Those doing longer distances may want to first consider a diesel, as they give better fuel economy. The entry-level model is the 300d, which has a 2.0-litre engine with 245bhp. It’s a great all-rounder that suits the car well, as it rewards unhurried progress and keeps fuel consumption down. If you do want more punch, there is a six-cylinder engine with 268bhp, called the 350d, and a 325bhp model called the 400d. These are both buttery smooth in their delivery and give seemingly effortless acceleration, even with a fully loaded car.
Shorter journeys or those looking more at the performance side of things could be better served with a petrol model. These start relatively high in the range with the GLE 450, which puts out 362bhp. It’s a muscular, powerful engine but you have to rev it quite hard to find the maximum oomph. There’s a strong argument that for a luxurious cruiser like the GLE, a diesel engine actually suits it better.
If maximum fuel economy is your preference, then the 350de is worth a look. This is a plug-in hybrid with comparable performance to the 300d, and unusually it combines an electric motor with a diesel engine; most rivals use petrol. The upshot of this is the potential for brilliantly low fuel consumption, but it'll heavily depend on how you use it. Keep the journeys short, and keep the battery charged by plugging it in to the grid, and you can do up to 66 miles on electric power only, burning no fuel. Drain the battery though, and you’re essentially hauling around empty, heavy electrical equipment, burning fuel (and money) in the process.
If you want maximum performance, then check out the models from Mercedes’ tuning arm, AMG. These throw massive power at the engine to give acceleration (and noise) that will rival plenty of high-end sports cars. The GLE 53 has a 3.0-litre straight-six engine with 429bhp, while the top-spec GLE 63 S has a massive 603bhp from a 4.0-litre V8. They’re still big, heavy cars, so don’t expect them to defy physics through the bends, but they are set up to be much more nimble than other GLEs. The Cayenne is still a better handling large SUV, though.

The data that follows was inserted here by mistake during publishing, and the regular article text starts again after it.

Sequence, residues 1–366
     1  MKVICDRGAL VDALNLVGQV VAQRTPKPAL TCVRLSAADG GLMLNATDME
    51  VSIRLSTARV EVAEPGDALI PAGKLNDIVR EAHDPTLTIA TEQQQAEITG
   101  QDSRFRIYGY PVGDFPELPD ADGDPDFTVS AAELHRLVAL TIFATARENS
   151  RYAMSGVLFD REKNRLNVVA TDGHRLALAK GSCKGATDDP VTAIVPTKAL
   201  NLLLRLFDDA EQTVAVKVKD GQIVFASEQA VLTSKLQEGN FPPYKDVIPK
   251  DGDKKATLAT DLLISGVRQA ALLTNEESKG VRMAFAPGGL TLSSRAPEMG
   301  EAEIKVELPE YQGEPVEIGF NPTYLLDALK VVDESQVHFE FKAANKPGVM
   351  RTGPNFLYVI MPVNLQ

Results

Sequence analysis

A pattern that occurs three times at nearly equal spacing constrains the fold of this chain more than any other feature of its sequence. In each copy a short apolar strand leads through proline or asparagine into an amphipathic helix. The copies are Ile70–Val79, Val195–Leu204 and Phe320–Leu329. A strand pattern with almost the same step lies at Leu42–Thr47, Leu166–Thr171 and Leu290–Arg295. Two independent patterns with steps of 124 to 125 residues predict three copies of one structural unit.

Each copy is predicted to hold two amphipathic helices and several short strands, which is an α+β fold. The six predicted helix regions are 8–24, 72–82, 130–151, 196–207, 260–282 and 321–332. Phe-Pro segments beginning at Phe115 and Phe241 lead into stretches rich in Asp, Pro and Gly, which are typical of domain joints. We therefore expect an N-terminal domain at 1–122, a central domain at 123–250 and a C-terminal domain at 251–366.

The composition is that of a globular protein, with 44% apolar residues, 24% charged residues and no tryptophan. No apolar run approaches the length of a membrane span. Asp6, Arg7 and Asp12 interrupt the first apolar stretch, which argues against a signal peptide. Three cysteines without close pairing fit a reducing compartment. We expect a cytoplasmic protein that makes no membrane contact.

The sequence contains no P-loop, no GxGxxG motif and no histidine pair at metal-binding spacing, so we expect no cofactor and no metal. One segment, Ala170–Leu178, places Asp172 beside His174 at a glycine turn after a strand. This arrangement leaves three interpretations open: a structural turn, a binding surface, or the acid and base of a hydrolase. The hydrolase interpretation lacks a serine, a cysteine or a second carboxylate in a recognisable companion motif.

Should you want to tow with your GLE, be aware that there are rivals that can haul more. The maximum you can pull with a standard car is 2,700kg, which lags behind the Land Rover Discovery and Audi Q7. However, if you fit the optional Towing Package (available on all models except the 300d), this will add a tow bar and up the towing capacity to 3,500kg.
Leasing costs for the GLE are pretty attractive when compared to other premium large SUV rivals. At the time of writing, you could pick up a GLE for considerably less than a Porsche Cayenne or BMW X5, but an Audi Q7 and Land Rover Discovery start at a lower price still.
If fuel efficiency is your priority, then head straight for the diesel plugin version, which unusually isn’t particularly more expensive than other models. An official fuel economy of 403.6mpg sounds impressive, but remember that this is based on a standardised lab test, and real-world consumption will depend on usage. Run only on battery and you’ll get far better. Rely on the diesel engine, and it’ll be worse.
Of the regular combustion-engined cars, you’ll get the best fuel economy from the 300d diesel, with an official figure of up to 40.4mpg. The 400d is the thirstiest and will drink up to 33.6mpg. The petrol cars will drink even more though – the official figure for the 450 is up to 28mpg, just 26.2mpg for the AMG 53 and a fairly measly 22.8mpg for the AMG 63 S.